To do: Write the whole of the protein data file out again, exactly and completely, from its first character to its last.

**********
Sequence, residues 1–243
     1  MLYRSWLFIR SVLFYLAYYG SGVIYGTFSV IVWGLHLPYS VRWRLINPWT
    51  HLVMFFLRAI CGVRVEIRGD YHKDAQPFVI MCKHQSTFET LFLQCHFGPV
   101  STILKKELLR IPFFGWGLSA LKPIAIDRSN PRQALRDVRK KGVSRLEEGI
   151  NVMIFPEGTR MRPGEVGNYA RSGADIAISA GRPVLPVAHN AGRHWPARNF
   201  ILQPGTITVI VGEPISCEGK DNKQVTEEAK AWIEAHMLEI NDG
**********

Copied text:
Sequence, residues 1–243
     1  MLYRSWLFIR SVLFYLAYYG SGVIYGTFSV IVWGLHLPYS VRWRLINPWT
    51  HLVMFFLRAI CGVRVEIRGD YHKDAQPFVI MCKHQSTFET LFLQCHFGPV
   101  STILKKELLR IPFFGWGLSA LKPIAIDRSN PRQALRDVRK KGVSRLEEGI
   151  NVMIFPEGTR MRPGEVGNYA RSGADIAISA GRPVLPVAHN AGRHWPARNF
   201  ILQPGTITVI VGEPISCEGK DNKQVTEEAK AWIEAHMLEI NDG